Bischoff, Morgan and King.
Plaintiffs, a corporation and its principals, engaged in the storing, selling and distribution of liquid propane gas (hereinafter LPG) appeal from the trial judge's affirmance of a denial of their application for a variance, pursuant to N.J.S.A. 40:55-39(d), to permit use of their land as a storage facility for LPG. Their announced intention was to erect four 30,000-gallon tanks for that purpose on the subject premises. The principal issue raised concerns the extent to which state approval of the site as safe for the purpose forecloses municipal disapproval thereof as being unsafe.
The subject premises, owned by plaintiffs, consist of approximately 11 acres of unimproved land in Maple Shade Township lying between Route 73 on the west and the Pennsauken Creek on the east. The tract is of an irregular shape, varying in depth from 450 to 600 feet, with the westerly 300 feet zoned Highway Commercial (HC) and the remainder zoned Residential (RA). The zoning ordinance does not permit storage of LPG anywhere in the township.
Approximately 80% of the tract is officially mapped as wetlands by the State Department of Environmental Protection. No buildings, commercial or residential, are permitted, even if feasible, on the portions so mapped since they would interfere with the flow of water. The LPG
storage tanks would be permitted only because they are to be placed on pilings and, standing four to five feet from the surface of the ground, would not interfere with the water's ebb and flow. Reference to an aerial photograph of the site confirms its classification as wetlands; the larger portion of the parcel resembles marshland, is obviously subject to periodic flooding and is clearly unsuitable to any kind of permanent structure. The evidence before the board of adjustment clearly establishes this fact.
A portion of the land was previously used as a dump. In its initial application for the variance plaintiff proposed to place their tanks on the filled portion thereof consisting largely of debris which accumulated from years of dumping.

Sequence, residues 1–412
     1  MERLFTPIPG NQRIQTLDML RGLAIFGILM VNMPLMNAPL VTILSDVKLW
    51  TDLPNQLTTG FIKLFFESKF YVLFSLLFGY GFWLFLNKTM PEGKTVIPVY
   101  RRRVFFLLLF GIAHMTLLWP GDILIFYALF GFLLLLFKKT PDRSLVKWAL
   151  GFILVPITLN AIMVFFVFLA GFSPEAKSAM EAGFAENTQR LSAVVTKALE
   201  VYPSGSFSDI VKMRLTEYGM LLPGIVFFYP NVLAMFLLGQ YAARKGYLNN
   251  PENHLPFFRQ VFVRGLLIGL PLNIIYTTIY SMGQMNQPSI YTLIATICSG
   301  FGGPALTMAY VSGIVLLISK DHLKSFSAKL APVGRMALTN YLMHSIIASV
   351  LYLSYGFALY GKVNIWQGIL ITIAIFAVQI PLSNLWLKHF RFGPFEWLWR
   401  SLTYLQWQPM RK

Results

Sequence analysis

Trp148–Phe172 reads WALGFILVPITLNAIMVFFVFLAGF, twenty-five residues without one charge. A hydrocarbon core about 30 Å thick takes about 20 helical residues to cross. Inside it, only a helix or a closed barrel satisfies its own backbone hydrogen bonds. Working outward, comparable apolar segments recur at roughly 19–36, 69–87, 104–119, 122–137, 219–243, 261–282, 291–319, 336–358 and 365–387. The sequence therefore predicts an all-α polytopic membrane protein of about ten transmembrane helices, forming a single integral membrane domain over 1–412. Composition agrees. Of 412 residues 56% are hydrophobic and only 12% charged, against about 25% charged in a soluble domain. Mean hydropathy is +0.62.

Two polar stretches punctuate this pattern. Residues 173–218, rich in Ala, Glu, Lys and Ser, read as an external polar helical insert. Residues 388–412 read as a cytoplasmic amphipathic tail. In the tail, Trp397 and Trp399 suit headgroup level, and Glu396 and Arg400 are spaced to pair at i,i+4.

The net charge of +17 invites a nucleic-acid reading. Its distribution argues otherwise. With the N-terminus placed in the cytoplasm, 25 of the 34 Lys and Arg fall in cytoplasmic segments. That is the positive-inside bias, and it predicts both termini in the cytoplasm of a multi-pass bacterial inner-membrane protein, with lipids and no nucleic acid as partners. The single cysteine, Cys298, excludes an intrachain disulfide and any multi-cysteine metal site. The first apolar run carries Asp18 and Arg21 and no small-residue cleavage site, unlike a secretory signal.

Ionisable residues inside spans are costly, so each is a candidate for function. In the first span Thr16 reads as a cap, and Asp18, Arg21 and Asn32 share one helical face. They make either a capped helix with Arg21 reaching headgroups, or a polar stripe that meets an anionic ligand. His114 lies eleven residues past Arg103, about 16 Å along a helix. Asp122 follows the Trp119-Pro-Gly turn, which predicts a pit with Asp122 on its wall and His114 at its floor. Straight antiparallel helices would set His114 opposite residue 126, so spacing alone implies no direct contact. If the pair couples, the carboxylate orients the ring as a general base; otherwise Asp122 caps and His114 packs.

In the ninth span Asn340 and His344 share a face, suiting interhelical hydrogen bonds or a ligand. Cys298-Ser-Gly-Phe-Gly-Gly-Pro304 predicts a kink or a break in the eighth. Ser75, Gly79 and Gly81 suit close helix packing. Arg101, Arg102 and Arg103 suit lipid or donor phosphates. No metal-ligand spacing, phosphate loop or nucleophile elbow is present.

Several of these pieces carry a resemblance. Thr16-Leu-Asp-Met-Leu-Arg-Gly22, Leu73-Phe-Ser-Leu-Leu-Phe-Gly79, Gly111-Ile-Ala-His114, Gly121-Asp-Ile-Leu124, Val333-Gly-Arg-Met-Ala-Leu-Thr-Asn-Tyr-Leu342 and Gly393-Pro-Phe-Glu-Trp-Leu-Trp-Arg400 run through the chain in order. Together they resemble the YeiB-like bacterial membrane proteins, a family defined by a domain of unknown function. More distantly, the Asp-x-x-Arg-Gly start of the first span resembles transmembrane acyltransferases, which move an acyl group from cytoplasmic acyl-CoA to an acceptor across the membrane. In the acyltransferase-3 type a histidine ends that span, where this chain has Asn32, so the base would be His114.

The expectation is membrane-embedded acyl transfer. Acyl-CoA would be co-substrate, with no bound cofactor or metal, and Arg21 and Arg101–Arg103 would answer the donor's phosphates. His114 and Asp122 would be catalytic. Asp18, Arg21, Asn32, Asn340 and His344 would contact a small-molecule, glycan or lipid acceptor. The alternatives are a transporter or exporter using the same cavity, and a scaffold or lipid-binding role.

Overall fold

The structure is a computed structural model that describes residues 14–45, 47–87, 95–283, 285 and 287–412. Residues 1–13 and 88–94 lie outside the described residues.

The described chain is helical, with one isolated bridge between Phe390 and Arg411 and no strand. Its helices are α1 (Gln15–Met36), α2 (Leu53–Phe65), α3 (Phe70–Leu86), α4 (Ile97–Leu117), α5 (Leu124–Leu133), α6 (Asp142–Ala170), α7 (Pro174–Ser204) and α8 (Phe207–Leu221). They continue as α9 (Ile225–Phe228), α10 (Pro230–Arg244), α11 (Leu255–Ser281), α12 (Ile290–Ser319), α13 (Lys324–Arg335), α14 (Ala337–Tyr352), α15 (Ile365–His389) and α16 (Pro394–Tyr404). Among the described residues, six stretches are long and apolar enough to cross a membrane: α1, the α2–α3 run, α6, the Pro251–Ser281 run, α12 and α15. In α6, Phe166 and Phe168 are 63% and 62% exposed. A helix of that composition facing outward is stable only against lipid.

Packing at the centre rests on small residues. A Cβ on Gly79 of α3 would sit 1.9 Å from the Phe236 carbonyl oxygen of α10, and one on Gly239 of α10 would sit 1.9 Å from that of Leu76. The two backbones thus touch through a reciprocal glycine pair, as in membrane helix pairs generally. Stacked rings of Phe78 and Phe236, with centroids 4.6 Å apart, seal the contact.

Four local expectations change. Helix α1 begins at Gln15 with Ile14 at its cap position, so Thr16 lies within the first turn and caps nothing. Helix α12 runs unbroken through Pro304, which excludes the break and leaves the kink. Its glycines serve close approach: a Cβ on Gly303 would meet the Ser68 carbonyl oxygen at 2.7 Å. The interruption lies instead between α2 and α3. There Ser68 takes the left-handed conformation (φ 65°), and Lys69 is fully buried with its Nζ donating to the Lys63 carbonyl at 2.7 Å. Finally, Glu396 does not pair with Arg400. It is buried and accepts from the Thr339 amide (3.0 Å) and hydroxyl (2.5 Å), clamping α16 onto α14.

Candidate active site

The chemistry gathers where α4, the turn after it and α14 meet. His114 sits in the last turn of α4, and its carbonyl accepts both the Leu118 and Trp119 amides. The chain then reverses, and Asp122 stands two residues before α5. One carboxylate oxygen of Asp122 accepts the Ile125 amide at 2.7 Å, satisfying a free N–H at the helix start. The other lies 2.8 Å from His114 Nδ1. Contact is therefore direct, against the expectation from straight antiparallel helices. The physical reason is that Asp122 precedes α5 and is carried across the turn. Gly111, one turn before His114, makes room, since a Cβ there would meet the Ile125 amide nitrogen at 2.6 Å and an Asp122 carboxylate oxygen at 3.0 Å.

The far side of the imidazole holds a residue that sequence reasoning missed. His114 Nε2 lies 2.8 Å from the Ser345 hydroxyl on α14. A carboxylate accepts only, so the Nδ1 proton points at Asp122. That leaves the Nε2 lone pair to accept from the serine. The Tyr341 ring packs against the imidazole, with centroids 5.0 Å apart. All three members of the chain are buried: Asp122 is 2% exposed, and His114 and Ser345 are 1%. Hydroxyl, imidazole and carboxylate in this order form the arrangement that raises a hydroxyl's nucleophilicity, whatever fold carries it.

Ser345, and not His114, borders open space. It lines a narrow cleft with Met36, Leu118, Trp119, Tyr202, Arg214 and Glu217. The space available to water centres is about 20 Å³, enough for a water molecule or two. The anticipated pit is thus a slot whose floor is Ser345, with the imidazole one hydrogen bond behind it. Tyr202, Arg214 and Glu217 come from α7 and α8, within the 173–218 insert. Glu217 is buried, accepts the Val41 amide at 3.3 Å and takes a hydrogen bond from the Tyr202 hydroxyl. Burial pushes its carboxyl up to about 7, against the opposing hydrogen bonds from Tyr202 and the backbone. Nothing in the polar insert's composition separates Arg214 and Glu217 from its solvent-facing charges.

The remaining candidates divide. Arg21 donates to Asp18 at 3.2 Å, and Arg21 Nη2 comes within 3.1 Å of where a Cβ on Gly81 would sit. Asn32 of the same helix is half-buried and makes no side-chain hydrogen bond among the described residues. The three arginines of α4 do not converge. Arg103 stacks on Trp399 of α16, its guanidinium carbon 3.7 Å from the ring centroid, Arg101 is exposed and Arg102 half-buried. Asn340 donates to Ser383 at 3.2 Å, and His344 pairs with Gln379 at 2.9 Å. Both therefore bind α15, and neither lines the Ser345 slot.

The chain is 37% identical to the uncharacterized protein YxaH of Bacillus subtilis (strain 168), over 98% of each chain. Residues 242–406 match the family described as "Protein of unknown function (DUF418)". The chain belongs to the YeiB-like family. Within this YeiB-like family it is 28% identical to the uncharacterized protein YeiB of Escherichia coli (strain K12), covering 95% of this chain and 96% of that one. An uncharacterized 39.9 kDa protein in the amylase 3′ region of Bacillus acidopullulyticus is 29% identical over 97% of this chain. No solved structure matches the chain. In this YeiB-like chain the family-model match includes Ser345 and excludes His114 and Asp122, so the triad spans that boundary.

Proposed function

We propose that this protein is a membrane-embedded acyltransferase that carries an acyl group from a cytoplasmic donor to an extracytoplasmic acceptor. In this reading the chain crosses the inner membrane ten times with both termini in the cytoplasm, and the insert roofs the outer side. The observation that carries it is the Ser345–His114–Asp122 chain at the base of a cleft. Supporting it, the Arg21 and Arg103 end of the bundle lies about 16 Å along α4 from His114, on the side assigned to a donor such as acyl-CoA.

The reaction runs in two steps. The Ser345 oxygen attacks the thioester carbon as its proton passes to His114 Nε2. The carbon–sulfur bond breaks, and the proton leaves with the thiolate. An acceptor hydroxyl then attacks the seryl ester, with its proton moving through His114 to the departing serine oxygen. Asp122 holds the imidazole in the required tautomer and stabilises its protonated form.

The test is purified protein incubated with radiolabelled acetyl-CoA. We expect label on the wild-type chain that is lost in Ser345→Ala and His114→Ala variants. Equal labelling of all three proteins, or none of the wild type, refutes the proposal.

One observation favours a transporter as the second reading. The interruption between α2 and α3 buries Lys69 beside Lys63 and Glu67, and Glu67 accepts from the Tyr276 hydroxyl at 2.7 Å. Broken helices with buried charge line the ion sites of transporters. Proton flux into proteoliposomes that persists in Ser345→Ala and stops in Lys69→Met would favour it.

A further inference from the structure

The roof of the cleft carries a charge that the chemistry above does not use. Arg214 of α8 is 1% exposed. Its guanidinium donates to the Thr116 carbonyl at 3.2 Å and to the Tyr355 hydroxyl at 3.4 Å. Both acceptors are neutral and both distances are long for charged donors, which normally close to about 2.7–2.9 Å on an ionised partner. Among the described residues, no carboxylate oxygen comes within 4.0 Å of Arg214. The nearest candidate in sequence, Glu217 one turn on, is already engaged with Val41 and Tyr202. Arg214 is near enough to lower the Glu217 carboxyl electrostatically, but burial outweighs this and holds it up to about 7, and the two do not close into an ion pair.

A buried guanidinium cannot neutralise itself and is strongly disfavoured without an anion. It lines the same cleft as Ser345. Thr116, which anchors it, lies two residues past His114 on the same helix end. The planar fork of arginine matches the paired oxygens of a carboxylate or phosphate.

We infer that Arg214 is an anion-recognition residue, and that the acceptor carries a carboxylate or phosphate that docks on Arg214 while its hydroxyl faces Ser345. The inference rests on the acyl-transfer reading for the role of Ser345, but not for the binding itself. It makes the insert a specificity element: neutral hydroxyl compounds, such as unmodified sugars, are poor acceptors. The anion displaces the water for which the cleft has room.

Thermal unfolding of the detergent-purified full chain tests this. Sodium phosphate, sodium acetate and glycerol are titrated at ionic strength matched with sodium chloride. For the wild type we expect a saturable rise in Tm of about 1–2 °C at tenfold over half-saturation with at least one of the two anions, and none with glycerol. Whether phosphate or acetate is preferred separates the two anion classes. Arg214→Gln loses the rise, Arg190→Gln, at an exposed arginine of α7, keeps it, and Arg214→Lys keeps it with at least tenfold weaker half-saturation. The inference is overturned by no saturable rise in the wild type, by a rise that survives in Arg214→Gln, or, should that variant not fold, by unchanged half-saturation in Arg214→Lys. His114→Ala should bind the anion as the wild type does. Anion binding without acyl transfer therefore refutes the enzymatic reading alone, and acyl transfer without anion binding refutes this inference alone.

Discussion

Following a hearing during which it was disclosed that eight years before the application a subsurface debris fire had burned and smoldered for over eight weeks, and that locating the tanks on such fill would pose hazards to the neighborhood, plaintiffs in their second application changed the proposed location of the tanks on the land so that they would sit on virgin soil and at a distance from the site of the previous debris fire. The evidence at the second hearing was uncontradicted that the tanks would, in fact, stand on virgin soil. The uses immediately adjacent to the subject 11-acre tract include an automobile junk yard, a used truck dealership and an automobile body shop.
Despite the zoning ordinance, plaintiffs presently operate their business, as a nonconforming use, in Maple Shade Township on a one-acre tract of land located on Route 38 within 600 feet of its junction with State Highway Routes 73 and 41. That tract presently hosts a storage capacity of 7500 gallons of LPG and is immediately adjacent to a large Howard Johnson Motel, a restaurant and other commercial establishments. The application under consideration was motivated by a perceived need to enlarge storage capacity so as to permit stockpiling LPG during the slack periods of demand in the summer months to meet customer need (about 2500 of them) during the winter months. Plaintiffs
advised the board of industry-wide experience with shortages of LPG during those periods of imperative need and sought to cope with that problem by enlarging their ability to accumulate reserves to avoid such shortages.
The township fire chief testified that, in his opinion, the proposed location for the tanks was a safe one. In fact, he took the view that the new location was safer than the one from which plaintiffs had been operating for years. "I'd like to see it get out of where it's at. I'd like to see it move." This view was prompted by the proximity of plaintiffs' present site to the sizeable Howard Johnson Motel, a taproom, clothing store and similar other business establishments.
Sergeant Clifford Melder, a New Jersey State Police officer assigned to oversee the safety of LPG loading and transportation, testified that the proposed site is safe for those activities and superior to that of plaintiffs' present location. ...